31. The pressure adjustment assembly according to claim 30, wherein said second engaging wall is configured for threaded engagement with the valve housing first engaging wall.

32. The pressure adjustment assembly according to claim 26, further including: a stop mechanism configured to limit relative axial displacement of the retainer member, in a distal axial direction along the valve housing through-passage, when oriented in the stop position.

33. The pressure adjustment assembly according to claim 32, wherein said stop mechanism includes a stop surface portion of said second engaging wall, configured to abut a portion of the valve housing first engaging wall, in the stop position.

34. The pressure adjustment assembly according to claim 30, wherein said pressure adjuster device includes a first engaging section sized and dimensioned to cooperate with a second engaging section of the retainer member for relative axial displacement therebetween.

35. The pressure adjustment assembly according to claim 34, wherein said second engaging wall is configured for threaded engagement with the valve housing first engaging wall, and said first engaging section and said second engaging section are configured for threaded engagement therebetween.

36. The pressure adjustment assembly according to claim 35, wherein said pressure adjuster device is concentrically disposed within said retainer member.

37. The pressure adjustment assembly according to claim 36, wherein said first engaging section is disposed on an outer circumferential surface of said pressure adjuster device, and said second engaging section is disposed on an inner circumferential surface of said retainer member such that said pressure adjuster device is dispose concentrically within said retainer member.

38. The pressure adjustment assembly according to claim 37, wherein an annular proximal end of said retainer member defines a plurality of paired recesses that enable engagement with a install/removal tool.

39. A method of rebuilding a high pressure, multi-position shear valve assembly having a valve housing and a plurality of serviceable valve components including a stator element defining a stator face and a rotor element rotatably mounted about a rotational axis, said rotor element defining a rotor face disposed opposite said stator face, at a rotor-stator interface, said valve assembly further including a pressure adjuster assembly selectively generating an axial compression pressure between the stator face and the rotor face at a calibrated operating pressure, PC, to enable fluid-tight, selective relative rotation between the rotor face and the stator face between two or more rotor positions, said method comprising: substantially removing the axial compression pressure at the rotor-stator interface; disassembling the stator element and the rotor element from opposed contact with one another; replacing one or more serviceable valve components; reassembling the rotor element and stator element back into opposed contact with one another; substantially reproducing said operating pressure, PC, between said rotor element and said stator element at said rotor-stator interface by moving the pressure adjuster assembly to a stop position, hard stopped relative to said valve housing.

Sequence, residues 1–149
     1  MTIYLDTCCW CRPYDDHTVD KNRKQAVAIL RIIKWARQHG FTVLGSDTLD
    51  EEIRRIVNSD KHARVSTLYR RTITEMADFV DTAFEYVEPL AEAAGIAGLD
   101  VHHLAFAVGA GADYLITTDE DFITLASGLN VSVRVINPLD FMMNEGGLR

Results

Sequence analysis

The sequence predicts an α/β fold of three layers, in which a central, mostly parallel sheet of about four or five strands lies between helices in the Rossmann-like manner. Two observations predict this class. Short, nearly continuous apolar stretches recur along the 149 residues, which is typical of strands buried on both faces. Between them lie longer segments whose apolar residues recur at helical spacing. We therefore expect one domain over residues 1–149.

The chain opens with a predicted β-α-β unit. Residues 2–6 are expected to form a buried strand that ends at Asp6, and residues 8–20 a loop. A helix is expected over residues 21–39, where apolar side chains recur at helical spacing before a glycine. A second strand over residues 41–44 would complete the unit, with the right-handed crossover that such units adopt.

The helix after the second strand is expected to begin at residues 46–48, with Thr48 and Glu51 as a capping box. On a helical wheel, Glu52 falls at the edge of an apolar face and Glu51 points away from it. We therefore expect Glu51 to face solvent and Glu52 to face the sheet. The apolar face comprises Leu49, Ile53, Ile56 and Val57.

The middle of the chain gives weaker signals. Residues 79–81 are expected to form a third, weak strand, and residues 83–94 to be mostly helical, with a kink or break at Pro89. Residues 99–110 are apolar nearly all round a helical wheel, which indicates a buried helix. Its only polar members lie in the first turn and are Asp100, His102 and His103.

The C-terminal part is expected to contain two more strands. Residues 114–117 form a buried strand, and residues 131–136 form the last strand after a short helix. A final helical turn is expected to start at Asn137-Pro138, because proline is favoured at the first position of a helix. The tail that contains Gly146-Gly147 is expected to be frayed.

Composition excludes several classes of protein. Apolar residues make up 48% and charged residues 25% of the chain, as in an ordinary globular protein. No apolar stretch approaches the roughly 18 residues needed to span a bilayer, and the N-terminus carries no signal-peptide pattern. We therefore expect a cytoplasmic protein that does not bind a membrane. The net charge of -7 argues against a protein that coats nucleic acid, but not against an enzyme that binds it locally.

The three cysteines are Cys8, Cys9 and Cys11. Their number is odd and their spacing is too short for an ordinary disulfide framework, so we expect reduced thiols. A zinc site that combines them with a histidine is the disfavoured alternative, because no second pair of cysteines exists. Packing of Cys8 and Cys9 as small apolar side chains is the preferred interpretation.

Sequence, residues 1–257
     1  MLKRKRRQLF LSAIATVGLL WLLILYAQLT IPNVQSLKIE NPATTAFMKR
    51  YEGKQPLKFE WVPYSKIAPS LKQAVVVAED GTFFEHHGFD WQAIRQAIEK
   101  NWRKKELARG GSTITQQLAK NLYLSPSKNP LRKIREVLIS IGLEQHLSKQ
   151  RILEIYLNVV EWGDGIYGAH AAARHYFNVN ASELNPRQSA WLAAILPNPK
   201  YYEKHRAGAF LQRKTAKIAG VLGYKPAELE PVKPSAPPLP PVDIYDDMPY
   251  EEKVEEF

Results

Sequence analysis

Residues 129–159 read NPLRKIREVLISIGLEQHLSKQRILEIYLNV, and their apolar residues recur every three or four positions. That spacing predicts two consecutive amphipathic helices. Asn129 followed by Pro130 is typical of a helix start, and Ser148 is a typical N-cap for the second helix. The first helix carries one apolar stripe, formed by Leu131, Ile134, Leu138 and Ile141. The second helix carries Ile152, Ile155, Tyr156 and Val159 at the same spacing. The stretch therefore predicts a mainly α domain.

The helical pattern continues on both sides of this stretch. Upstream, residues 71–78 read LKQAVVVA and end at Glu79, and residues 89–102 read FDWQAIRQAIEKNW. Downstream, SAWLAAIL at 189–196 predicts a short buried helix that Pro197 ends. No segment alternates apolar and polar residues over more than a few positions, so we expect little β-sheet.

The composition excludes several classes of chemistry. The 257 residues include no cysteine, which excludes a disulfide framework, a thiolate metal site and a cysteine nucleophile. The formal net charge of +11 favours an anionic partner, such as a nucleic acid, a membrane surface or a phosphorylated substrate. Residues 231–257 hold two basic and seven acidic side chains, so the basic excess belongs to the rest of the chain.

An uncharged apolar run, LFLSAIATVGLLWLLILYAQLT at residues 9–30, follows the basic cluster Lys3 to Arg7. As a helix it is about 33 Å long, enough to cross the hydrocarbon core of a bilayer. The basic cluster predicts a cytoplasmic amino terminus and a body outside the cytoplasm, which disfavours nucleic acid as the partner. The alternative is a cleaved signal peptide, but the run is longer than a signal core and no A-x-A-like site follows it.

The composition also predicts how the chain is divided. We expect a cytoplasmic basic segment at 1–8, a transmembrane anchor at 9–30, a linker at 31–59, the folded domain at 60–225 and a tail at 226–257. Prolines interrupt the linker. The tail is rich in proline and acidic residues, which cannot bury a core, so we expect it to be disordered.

40. The method according to claim 39, wherein said substantially removing the axial compression pressure includes moving said pressure adjuster assembly from said stop position to a release position.

41. The method according to claim 40, further including: prior to said substantially removing the axial compression pressure, the selectively generating an axial compression pressure between the stator face and the rotor face at the calibrated operating pressure, PC, was performed by: orienting a retainer member, disposed between said valve housing and a pressure adjuster device in said stop position, hard stopped relative to said valve housing; selectively adjusting the pressure adjuster device, cooperatively disposed between the retainer member and the rotor device until the calibrated operating pressure, PC, is achieved at a set position, when said retainer member is oriented in the stop position; and locking the pressure adjuster device, at the set position, to the retainer member such that said pressure adjuster device and said retainer member move together as a single unit.

Description:

FIELD OF THE INVENTION

The present invention relates to rotary shear valves, and more particularly, relates to rebuildable micro-fluidic shear valves that incorporate hard-on-hard sealing surfaces

BACKGROUND OF THE INVENTION

Current high pressure liquid chromatography shear valve systems typically employ a metallic stator element and a rotor device composed of a polymer material that forms fluid-tight seal at a rotor/stator interface therebetween. Depending upon the internal fluid pressures that these shear valve systems are designed to operate (typically 15 Kpsi or greater), as well as other environmental factors, these valves are typically capable of more than 15K, relatively maintenance free, cycles of use. Certain valve components, however, do wear over time such as the rotor seal and the stator seal. These valve components, fortunately, can be serviced or replaced, significantly extending the lifecycle of the valve.